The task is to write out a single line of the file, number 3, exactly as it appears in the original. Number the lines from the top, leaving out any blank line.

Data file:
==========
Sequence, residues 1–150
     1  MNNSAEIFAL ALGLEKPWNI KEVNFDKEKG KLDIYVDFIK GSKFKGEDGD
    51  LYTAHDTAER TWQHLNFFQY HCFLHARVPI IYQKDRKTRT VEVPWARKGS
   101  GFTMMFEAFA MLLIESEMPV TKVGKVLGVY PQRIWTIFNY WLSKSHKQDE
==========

    51  LYTAHDTAER TWQHLNFFQY HCFLHARVPI IYQKDRKTRT VEVPWARKGS